Through Joint Technology Initiatives or other formal structures (Art. 187)
Through contractual agreements, which provide inputs for work programmes
Only when criteria met, e.g. clear commitments from private partners
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Public public partnerships:
Through “ERA-Nets” for topping up individual calls/ actions (replacing current ERANet, ERA-Net Plus, Inco-Net, Inno-net)
Through participation in joint programmes between Member States (Art. 185)
Supporting agendas of Joint Programming Initiatives when in line with Horizon 2020
Only when criteria met, e.g. financial commitments of participating countries
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European Innovation Partnerships
Not funding instruments, but for coordination with broader policies and programmes
Innovation Union:
Enhancing Joint Programming
• JP is a voluntary partnership between Member States (and
Associated Countries) that aims to tackle major but common
European societal challenges by combining national research
programmes and thereby making better use of Europe’s limited
R&D resources.
• Three essential stages:
• development of a common vision;
• adoption of a Strategic Research Agenda (SRA);
• implementation of the SRA with the support of national
research instruments.
• Two relevant Joint Programming Initiatives:
• Agriculture, Food security and Climate Change
• Heathy diet for a healthy life
ICT-AGRI
Core Organic II,
ERACAPS
ERA-IB, EUROTransbio
ERASysBio, ERA SynBio
(EUPHRESCO)
(ANIHWA)
1. Sustainable food security
under climate change
2. Environmentally sustainable growth
and intensification of agriculture
3. Assessing and reducing tradeoffs:
tradeoffs:
food production,
biodiversity & ecosystems services
BIODIVERSA2
ARIMNET,
CORE ORGANIC
(EUPHRESCO, ANIHWA)
(RURAGRI)
(SUSFOOD)
Same domain as FACCE JPI
Other sectors than agriculture & food
Other regions than Europe
Includes health and food habits
ERA ARD2
ARIMNET
SAFEFOOD
SUSFOOD
RURAGRI
(CIRCLE 2)
CIRCLE2
EUPHRESCO
ANIHWA
4. Climate change adaptation
(ERA-ARD2)
5. Greenhouse gas mitigation
(SUSFOOD)
(ERA CAPs)
(ERA-IB)
Innovation Union
European Innovation Partnerships
Objective:
Join-up resources to speed-up breakthrough innovations
Tackling Europe’s major societal challenges, whilst
creating new market potential for EU businesses
Approach:
• Challenge-driven
=> address target within a specific societal challenge
• Acting across whole research & innovation chain
=> bring together supply and demand, across sectors and borders
=> foster communication among stakeholders and workable links between science and practice (from
research to market)
• Streamlining, simplifying and coordinating existing instruments and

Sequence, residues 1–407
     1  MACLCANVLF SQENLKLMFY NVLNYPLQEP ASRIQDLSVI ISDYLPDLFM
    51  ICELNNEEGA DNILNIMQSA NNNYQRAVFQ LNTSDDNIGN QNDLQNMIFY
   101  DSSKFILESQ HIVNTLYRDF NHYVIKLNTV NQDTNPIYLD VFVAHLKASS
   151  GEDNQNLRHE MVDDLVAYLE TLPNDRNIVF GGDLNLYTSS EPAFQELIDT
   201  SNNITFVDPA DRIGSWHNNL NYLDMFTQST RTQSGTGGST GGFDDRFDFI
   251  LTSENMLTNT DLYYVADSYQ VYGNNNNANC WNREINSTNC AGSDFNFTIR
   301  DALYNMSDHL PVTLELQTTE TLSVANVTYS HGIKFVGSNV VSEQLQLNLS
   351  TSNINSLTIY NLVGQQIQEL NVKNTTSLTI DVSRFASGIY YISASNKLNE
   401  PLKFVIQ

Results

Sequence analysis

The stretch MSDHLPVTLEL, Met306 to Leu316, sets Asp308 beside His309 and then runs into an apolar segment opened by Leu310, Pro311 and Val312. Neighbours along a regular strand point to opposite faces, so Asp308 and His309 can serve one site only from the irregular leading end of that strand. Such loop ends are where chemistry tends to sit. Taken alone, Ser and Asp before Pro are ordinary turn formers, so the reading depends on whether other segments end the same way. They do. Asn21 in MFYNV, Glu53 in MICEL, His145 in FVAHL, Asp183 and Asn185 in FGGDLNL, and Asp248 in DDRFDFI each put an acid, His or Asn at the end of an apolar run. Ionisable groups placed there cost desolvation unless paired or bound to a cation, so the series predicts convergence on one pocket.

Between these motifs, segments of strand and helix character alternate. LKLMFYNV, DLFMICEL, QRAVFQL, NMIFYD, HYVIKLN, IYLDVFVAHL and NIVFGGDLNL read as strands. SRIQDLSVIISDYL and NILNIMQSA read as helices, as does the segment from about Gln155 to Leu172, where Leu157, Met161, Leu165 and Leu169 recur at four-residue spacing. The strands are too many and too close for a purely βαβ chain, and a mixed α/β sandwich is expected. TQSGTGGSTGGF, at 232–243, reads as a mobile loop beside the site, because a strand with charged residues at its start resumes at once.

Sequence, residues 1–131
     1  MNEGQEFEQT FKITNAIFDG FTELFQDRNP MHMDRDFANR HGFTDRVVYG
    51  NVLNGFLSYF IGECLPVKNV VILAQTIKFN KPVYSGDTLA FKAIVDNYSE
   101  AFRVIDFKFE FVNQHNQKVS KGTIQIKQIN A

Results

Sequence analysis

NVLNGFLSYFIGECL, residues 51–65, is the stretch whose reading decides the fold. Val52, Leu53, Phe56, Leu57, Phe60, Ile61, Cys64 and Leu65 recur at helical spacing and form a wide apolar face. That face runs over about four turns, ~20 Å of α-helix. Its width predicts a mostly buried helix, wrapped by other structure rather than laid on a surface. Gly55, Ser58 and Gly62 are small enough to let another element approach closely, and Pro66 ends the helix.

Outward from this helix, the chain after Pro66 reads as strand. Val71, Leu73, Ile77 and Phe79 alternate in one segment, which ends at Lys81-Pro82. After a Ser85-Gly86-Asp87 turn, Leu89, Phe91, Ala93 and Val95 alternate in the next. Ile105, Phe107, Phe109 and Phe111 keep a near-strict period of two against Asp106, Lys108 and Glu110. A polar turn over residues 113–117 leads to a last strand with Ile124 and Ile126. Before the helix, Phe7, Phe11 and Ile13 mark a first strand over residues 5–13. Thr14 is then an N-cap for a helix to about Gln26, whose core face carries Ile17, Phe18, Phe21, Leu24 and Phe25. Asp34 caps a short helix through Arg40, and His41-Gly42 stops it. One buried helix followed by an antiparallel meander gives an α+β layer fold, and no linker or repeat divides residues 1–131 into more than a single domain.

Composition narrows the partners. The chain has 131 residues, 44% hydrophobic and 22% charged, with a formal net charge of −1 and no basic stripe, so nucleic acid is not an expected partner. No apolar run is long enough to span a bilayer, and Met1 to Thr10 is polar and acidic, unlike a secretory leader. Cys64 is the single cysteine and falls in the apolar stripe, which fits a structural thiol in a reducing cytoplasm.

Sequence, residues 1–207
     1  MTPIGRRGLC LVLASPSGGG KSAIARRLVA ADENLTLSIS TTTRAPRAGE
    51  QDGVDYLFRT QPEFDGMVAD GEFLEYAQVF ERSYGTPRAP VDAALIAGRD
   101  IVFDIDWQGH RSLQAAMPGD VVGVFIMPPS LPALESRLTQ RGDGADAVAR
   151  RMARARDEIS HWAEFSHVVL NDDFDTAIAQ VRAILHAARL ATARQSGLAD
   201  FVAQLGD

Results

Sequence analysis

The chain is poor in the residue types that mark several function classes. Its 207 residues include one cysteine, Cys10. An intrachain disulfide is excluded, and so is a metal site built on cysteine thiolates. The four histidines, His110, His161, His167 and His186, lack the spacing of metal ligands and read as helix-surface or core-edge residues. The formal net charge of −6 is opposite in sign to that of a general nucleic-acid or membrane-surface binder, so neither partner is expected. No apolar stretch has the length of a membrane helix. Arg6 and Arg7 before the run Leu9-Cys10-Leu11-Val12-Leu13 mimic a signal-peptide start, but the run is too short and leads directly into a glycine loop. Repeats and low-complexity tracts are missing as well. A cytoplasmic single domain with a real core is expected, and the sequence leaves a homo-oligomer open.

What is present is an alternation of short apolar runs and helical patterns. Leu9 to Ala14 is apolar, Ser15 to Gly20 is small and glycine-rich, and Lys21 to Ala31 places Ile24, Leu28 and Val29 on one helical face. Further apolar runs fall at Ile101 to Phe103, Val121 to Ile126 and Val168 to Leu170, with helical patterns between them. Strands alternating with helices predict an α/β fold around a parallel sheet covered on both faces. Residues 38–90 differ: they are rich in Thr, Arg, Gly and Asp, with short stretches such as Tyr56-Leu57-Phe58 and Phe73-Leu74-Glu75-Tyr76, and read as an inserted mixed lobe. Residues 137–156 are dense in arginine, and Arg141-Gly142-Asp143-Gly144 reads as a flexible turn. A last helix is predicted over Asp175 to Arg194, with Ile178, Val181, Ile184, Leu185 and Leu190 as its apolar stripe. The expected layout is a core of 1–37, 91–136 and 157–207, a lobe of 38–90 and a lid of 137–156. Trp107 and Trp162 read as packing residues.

initiatives
The EIP is not a funding instrument, nor a programme instrument; it cannot take decisions in areas for which Member
States and/or the EU are competent
Existing initiatives are keeping their own identity and lifecycle and can use the EIP as a platform for adjusting their
own priorities and for contributing to its overall target
Innovation Union:
EIP «Agricultural Productivity and Sustainability»
• Pilot EIP on active and healthy ageing (2011)
• Commission examines a first round of partnerships: raw
materials, water, smart cities, smart mobility and Innovation
Partnership on Agricultural Productivity and
Sustainability
• Communication concerning agricultural EIP schedule beginning
of 2012 (expected to include appropriate forest-related
initiatives)
• Subject to endorsement of EIP by Council and European
Parliament, Steering Board to be established beginning of 2012
Network Function of the EIP
• Interlinking innovation-related actions of Rural Development Policy and
the Union Research and Innovation Framework
• Ensuring an effective flow of information and providing advice to
partners about the opportunities provided by EU policies
• Exchange on best practice and accompanying research
• Systematic feedback about practice needs to the scientific community
• Exchange with European Technology Platforms (ETPs), European
Research Area Networks (ERA-NETs), Joint Programming Initiatives,
and other relevant fora
• Interface function of the Standing Committee for Agricultural Research
SCAR
Means
Rural Development Programmes:
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Cooperation, including pilot and demonstration projects
Business development
Knowledge transfer and advisory services
Quality schemes for agricultural products and foodstuffs
Investment in physical assets
European Union Research Policy (Horizon 2020)
• Targeted and applied research enhancing the knowledge base
• Clusters of applied innovation actions and multi-stakeholder
projects
• Support innovation brokers and innovation centres
• Ensuring systematic feedback on needs from practice to science
Summary
• Increasing productivity while ensuring sustainable resource
management and environmental preservation
• Adapting to climate change and contributing to mitigation by reducing
emissions of greenhouse gas
• Promoting a competitive agricultural sector, able to contribute to
global food security
• Transferring possible innovative approaches and products faster from
science to practice
“Achieving more from less”
More information:
http://ec.europa.eu/research/bioeconomy
- Up-to-date news and
events, press material,
videos, success stories
- An "innovation" section
with a SMEs corner
- A unique e-Library
compiling publications
related to the Bioeconomy
EU next Funding Programme for R&I: HORIZON
2020
http://ec.europa.eu/research/horizon2020/index_en.cfm